Take the 2-minute tour ×
Software Quality Assurance & Testing Stack Exchange is a question and answer site for software quality control experts, automation engineers, and software testers. It's 100% free, no registration required.

We have recently encountered a bug that we are able to reproduce manually in Internet Explorer, without any significant effort.

Same bug we have tried to reproduce also automatically, with WebDriver on Internet Explorer 8. However, even after looping the test and repeating it 100 times does not reproduce the bug, the test goes green.

I wonder what caused such a difference?

Possible reasons:

  • timing of GUI events in automated tests is different than in our manual tests (to fast, to slow, etc.)
  • WebDriver is operating on a different level of a browser API and than a user, making WebDriver less credible in simulating user behavior.
share|improve this question
    
I know that WebDriver makes direct calls to the the browse using each browser's native support for automation, while Selenium 1 "injects" javascript functions into when the browser is loaded and then uses its javascript to drive AUT within the browser. I just wonder whether IE 8 provides such native support for test automation? –  dzieciou Jul 7 at 9:49
2  
Same version of IE? No compatibility mode? No user-specific settings? If you pause the test and complete it manually using the exact browser window Selenium was driving, do you get the bug? –  Yamikuronue Jul 7 at 16:02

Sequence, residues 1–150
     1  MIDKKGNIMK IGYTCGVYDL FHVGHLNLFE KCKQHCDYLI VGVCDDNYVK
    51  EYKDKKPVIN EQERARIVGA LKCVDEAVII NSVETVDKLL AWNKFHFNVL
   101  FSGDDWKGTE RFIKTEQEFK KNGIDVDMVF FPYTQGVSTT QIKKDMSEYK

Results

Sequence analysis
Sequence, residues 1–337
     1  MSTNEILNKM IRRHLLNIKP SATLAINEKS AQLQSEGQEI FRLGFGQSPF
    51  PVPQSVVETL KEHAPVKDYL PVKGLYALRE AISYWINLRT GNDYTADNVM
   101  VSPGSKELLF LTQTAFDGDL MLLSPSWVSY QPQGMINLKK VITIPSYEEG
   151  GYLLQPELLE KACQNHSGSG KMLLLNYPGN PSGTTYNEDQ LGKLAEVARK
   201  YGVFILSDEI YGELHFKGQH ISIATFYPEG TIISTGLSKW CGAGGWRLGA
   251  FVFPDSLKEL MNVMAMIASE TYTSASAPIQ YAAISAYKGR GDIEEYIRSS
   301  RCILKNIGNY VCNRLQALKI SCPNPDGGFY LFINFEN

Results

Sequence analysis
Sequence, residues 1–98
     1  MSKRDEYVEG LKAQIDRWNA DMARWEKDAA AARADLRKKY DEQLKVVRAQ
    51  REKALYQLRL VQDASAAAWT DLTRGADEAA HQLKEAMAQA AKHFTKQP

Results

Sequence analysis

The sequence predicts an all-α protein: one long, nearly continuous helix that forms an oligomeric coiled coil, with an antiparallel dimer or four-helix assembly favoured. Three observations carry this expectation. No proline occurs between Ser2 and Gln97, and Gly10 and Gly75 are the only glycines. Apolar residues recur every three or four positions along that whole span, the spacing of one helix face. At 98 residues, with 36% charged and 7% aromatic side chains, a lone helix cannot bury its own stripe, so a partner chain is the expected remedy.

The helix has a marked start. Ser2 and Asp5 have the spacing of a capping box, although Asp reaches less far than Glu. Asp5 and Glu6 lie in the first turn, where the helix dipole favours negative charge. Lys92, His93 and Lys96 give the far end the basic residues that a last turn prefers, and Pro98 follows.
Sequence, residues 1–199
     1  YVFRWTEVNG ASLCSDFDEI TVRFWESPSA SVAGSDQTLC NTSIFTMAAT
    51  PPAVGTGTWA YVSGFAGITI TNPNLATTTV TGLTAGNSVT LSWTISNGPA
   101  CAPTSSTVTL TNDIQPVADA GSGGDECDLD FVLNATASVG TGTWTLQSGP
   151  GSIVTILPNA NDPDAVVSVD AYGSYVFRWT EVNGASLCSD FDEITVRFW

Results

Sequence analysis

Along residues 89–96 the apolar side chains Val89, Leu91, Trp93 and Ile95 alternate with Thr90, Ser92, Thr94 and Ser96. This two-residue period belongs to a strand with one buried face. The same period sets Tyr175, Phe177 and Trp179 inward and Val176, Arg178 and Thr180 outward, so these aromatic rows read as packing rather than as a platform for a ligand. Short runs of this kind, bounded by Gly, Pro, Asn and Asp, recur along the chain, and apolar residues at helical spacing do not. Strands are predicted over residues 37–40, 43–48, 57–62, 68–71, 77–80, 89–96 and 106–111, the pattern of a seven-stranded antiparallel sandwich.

1  
Can you give a little more information about the specific scenario that fails manually? How does it fail? What is the failing behavior? –  Sam Woods Jul 7 at 16:19
1  
You would have to show us your test code as well, it may be an error with what you have written... –  Ardesco Jul 11 at 17:04

2 Answers 2

I have seen this sort of thing before and the problem ended up being in how the page was coded: onmouseover vs onchange in our case.

You may want to look at the the javascript events for the page, as it sounds very possible that the human interaction is causing some method to run whereas the web driver is changing objects in the DOM, and allowing web driver to push through the page without triggering the rogue javascript.

share|improve this answer

You can link up your WebDriver tests to use PhantomJSDriver and catch those pesky JavaScript errors that might cause a manual test to fail, as well.

share|improve this answer
2  
Could you give some more information on how this works? There really isn't enough in your response to answer the OP's question. –  Kate Paulk Sep 3 at 10:58
    
Can you give an example how using PhantomJSDriver allows catching those JavaScript errors? Does it report those JavaScript errors? I also wonder whether PhantomJS is not yet another incarnation of Web browser, just headless ;-), so the fact I got errors in IE doesn't mean those errors will appear in PhantomJS. –  dzieciou Sep 4 at 15:58

Your Answer

 
discard

By posting your answer, you agree to the privacy policy and terms of service.

Not the answer you're looking for? Browse other questions tagged or ask your own question.